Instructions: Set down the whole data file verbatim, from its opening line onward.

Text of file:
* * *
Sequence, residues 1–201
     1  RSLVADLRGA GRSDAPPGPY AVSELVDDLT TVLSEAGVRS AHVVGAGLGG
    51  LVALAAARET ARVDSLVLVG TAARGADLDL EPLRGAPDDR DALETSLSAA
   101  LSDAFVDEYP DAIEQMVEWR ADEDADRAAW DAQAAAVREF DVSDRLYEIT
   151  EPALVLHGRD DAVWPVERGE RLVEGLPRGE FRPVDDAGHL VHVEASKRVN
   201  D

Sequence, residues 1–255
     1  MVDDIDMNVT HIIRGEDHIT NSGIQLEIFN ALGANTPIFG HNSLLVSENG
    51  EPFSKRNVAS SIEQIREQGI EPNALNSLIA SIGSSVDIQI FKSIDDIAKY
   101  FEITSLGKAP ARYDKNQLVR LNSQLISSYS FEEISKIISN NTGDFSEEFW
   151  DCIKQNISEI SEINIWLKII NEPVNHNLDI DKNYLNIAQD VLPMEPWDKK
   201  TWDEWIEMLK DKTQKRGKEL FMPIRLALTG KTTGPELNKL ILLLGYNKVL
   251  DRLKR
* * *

Sequence, residues 1–201
     1  RSLVADLRGA GRSDAPPGPY AVSELVDDLT TVLSEAGVRS AHVVGAGLGG
    51  LVALAAARET ARVDSLVLVG TAARGADLDL EPLRGAPDDR DALETSLSAA
   101  LSDAFVDEYP DAIEQMVEWR ADEDADRAAW DAQAAAVREF DVSDRLYEIT
   151  EPALVLHGRD DAVWPVERGE RLVEGLPRGE FRPVDDAGHL VHVEASKRVN
   201  D

Sequence, residues 1–255
     1  MVDDIDMNVT HIIRGEDHIT NSGIQLEIFN ALGANTPIFG HNSLLVSENG
    51  EPFSKRNVAS SIEQIREQGI EPNALNSLIA SIGSSVDIQI FKSIDDIAKY
   101  FEITSLGKAP ARYDKNQLVR LNSQLISSYS FEEISKIISN NTGDFSEEFW
   151  DCIKQNISEI SEINIWLKII NEPVNHNLDI DKNYLNIAQD VLPMEPWDKK
   201  TWDEWIEMLK DKTQKRGKEL FMPIRLALTG KTTGPELNKL ILLLGYNKVL
   251  DRLKR